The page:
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Does anyone know of an over-the-counter spray that would help neuropathy in the feet? As things go, I am using gabapentin (Neurontin) and capsaicin creams or roll-ons. I also take tramadol (Ultram) and hydrocodone for arthritis pain. None of this stuff takes the pain away completely.
Unfortunately, I know of no sprays for treating diabetic neuropathy. You are taking medications that often do help. The Neurontin and capsaicin are two of my favorites. Be sure the capsaicin (made from hot peppers) is the .075% strength and that you use it four times a day. It still takes about a month to work by depleting substance P from the nerves in your feet. The painful stimuli will then stop transmission to the brain.
Have your physicians ruled out other, nondiabetic causes for the pain? Toxic, metabolic, vascular and mechanical causes should be considered. If the problem is diabetic neuropathy, you should be sure that your glucose is tightly controlled.
Another possible medication for your doctors to consider is amitriptyline (Elavil). Nonmedication treatment can include transcutaneous electrical nerve stimulators (TENS units) and dietary supplements such as gamma-linoleic acid (evening primrose oil) and alpha-lipoic acid (thiotic acid) have also been reported to help in some cases.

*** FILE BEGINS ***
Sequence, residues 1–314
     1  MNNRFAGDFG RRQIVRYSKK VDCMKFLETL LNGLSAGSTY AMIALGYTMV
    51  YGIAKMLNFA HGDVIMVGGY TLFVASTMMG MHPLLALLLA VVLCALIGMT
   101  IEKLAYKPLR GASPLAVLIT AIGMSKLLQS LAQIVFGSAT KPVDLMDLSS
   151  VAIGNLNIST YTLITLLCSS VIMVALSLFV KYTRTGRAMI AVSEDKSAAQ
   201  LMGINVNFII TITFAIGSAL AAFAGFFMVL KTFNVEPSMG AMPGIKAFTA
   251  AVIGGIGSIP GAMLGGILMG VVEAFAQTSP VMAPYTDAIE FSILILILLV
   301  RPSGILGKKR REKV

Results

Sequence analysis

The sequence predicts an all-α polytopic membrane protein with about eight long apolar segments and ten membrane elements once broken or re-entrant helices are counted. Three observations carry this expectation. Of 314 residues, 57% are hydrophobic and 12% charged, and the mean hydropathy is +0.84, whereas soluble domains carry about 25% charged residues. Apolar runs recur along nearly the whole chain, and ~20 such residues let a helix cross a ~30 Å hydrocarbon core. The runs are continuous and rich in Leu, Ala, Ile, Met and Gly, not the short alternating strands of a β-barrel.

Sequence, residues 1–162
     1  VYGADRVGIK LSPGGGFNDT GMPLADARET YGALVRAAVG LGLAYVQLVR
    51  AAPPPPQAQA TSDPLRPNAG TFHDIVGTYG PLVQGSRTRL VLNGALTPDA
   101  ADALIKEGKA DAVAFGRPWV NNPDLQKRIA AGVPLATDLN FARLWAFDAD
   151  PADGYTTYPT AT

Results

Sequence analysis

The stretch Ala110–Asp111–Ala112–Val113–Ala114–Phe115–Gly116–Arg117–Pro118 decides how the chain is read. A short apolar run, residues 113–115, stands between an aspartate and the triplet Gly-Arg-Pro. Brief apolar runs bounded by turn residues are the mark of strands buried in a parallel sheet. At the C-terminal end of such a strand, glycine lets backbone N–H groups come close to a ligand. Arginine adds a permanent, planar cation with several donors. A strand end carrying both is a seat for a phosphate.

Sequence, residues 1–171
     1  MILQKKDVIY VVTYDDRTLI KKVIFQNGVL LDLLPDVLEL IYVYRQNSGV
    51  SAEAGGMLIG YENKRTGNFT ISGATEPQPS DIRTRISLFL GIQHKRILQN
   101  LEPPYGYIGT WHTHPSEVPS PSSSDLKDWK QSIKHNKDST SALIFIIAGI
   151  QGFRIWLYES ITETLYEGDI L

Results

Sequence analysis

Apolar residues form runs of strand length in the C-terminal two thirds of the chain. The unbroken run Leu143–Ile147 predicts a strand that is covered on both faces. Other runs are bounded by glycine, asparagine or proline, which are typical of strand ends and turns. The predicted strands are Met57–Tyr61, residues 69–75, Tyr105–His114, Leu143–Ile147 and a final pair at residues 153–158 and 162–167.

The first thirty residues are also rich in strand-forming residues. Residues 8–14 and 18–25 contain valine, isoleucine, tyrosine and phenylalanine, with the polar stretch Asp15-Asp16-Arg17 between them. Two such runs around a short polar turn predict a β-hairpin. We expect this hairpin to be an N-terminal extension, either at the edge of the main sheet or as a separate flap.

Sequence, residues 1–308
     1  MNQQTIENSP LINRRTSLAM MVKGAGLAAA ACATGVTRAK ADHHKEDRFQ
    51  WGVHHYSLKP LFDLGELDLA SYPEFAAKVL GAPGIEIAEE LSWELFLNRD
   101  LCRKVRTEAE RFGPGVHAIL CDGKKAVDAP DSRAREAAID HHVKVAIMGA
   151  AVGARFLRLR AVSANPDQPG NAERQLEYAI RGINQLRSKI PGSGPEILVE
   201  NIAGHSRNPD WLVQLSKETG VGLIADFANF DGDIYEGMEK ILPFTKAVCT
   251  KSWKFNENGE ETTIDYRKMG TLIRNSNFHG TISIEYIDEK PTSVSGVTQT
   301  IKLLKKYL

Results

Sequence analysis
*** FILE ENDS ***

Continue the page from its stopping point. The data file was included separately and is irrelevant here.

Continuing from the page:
Neil Scheffler, DPM
The following is taken from an online discussion conducted last September by DIABETES HEALTH board member, Dr. Aaron Vinik.
There are a lot of questions about the pain that occurs in diabetic neuropathy. The reason that many people live with their pain and do not respond to treatment is because the underlying disorder is not addressed.
When the neuropathy involves small nerve fibers, the pain is burning and stinging with feelings of pins and needles and the very slightest touch makes it worse, then the right treatment is topical capsaicin or clonidine, starting with tablets taken at night. Neurontin works for this type of pain, too, and if these fail then using amitryptylline alone or together with fluphenazine will in most instances stop the pain.
When the pain is like lightning bolts, then the right treatment is Tegretol which really should not be used under other circumstances.
When the pain is deep-seated and nauseating, like a dog gnawing at the bone or like a toothache in the foot, the first line of treatment is an insulin infusion, not to lower the blood glucose, but an insulin IV works to block this type of pain.
If the pain is in a nerve root distribution, then Tegretol again is the right drug.
If the pain is associated with degeneration of the joints and bones of the feet, then we need to toughen up the bones and the treatment is with a bisphophonate.
If the pain is on either side of the foot or if it can be localized, it may be due to a neuroma or entrapment of one of the nerves. If this is the case then diuretics, splinting and steroid injections may help. In extreme cases surgery may be necessary.
These are a few examples to illustrate the importance of making the right diagnosis if one is to achieve resolution of pain.
Aaron Vinik, MD, PhD
Director, Diabetes Research Institute
Eastern Virginia Medical School
Nov 1, 1999
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